Published: March 26, 2019
GENESEO, N.Y. — Two rediscovered marble busts by the French Eighteenth Century sculptor Jean-Antoine Houdon (1741–1828) sold at Cottone Auctions’ sale on March 23.
The busts, reductions in Serevezza marble, one representing Jean-Jacques Rousseau which totaled $778,800 and the other, Georges Louis Leclerc, Comte de Buffon, totaled $696,200; measuring 11½ and 11 inches in height, including the socle. Each is signed and dated, the former “houdon f 1788,” and the latter “houdon f 1789,” and both are recorded as being shown at the Paris Salon of 1789, “Aux portraits que tu en fais, je les reconnais ces charmants modéles… nos sublimes J.J. Rousseau et Buffon.”
They were acquired in 1926 from the Paris dealer Paul Gouvert by Irwin B Laughlin (1871–1941), an American diplomat who served in the State Department from 1903 through 1932. He was appointed ambassador to Spain and served from 1929 to 1932, when he formed an extensive collection of French Eighteenth Century drawings, with help from Agnews Gallery, London and Comte Enrico Bosdari (known as Henri Brémont).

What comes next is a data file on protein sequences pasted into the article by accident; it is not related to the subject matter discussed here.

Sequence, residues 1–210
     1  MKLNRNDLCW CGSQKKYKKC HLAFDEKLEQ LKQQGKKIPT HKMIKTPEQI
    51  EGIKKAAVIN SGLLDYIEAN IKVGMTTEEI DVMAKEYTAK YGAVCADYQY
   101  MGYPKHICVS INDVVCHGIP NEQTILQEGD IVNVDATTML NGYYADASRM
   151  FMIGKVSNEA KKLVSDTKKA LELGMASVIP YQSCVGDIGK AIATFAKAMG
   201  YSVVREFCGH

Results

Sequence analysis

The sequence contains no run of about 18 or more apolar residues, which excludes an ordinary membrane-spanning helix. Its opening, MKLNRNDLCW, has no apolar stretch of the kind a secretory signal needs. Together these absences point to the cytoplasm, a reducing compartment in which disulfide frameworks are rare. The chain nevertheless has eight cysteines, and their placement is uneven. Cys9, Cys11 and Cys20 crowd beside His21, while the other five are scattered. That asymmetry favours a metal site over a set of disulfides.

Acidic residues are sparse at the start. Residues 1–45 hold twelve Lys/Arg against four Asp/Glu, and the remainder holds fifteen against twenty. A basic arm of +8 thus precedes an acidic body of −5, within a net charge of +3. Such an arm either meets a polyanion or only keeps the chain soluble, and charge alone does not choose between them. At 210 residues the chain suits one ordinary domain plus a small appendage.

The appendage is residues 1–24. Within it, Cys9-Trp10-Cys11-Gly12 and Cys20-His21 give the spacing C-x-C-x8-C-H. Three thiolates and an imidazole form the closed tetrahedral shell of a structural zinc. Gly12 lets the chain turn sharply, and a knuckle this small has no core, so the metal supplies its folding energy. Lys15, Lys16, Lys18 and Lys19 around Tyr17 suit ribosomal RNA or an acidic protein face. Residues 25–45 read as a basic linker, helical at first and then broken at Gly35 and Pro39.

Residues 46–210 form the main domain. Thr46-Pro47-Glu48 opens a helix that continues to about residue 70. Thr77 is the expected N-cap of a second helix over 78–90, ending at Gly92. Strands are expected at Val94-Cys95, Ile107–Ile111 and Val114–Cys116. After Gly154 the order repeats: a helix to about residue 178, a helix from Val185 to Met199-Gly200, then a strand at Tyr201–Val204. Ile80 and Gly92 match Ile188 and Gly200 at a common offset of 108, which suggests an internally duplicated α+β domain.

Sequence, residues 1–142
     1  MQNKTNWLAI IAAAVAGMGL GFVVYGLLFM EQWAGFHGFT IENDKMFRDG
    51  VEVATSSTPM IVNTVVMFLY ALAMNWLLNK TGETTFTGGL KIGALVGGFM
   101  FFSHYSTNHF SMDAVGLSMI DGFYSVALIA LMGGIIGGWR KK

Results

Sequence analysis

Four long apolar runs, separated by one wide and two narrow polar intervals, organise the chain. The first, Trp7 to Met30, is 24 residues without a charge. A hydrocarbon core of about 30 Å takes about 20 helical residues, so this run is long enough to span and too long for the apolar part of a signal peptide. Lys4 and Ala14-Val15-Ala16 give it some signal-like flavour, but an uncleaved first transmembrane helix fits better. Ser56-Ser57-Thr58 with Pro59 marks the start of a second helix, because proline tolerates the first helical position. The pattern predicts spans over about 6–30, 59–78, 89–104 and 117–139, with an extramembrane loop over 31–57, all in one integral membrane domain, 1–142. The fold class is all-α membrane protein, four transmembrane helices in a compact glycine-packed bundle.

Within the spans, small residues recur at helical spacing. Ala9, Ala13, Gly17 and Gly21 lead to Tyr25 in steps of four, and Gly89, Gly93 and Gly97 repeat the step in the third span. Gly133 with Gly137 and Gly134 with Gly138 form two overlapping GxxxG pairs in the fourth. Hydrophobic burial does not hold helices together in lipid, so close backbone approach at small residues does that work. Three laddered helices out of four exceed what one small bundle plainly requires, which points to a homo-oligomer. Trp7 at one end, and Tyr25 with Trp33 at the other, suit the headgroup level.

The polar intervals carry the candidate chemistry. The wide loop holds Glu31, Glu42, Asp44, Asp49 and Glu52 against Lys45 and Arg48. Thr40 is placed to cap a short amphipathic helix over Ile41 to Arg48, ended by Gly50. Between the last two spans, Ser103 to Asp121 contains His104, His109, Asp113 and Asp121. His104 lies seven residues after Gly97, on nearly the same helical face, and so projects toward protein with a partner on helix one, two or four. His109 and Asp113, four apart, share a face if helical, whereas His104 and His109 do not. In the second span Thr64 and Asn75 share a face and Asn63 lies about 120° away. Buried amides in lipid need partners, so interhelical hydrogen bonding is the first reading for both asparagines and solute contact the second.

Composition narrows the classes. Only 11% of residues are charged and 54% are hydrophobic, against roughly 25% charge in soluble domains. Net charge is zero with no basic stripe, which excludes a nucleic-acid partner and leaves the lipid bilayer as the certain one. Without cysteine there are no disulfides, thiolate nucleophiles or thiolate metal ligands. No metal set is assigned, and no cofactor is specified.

Laughlin built his home in Washington, The Meridian House, by John Russell Pope, in the Louis XVI style and assisted in the planning of the West Building of the National Gallery of Art.
His collection was preserved by his widow, Therese Iselin Laughlin, until her death in 1958, when it was inherited by their only child, Gertrude. Much of it was sold in 1959, and some of the remaining drawings were bequeathed to the National Gallery of Art, Washington, in 1982.
The two Houdon busts, both of which are recorded in the Frick art reference library in New York, have passed down through Laughlin’s descendants. Prices, with buyer’s premium, as reported by the auction house. Stay tuned for a full review of the auction in a future issue.
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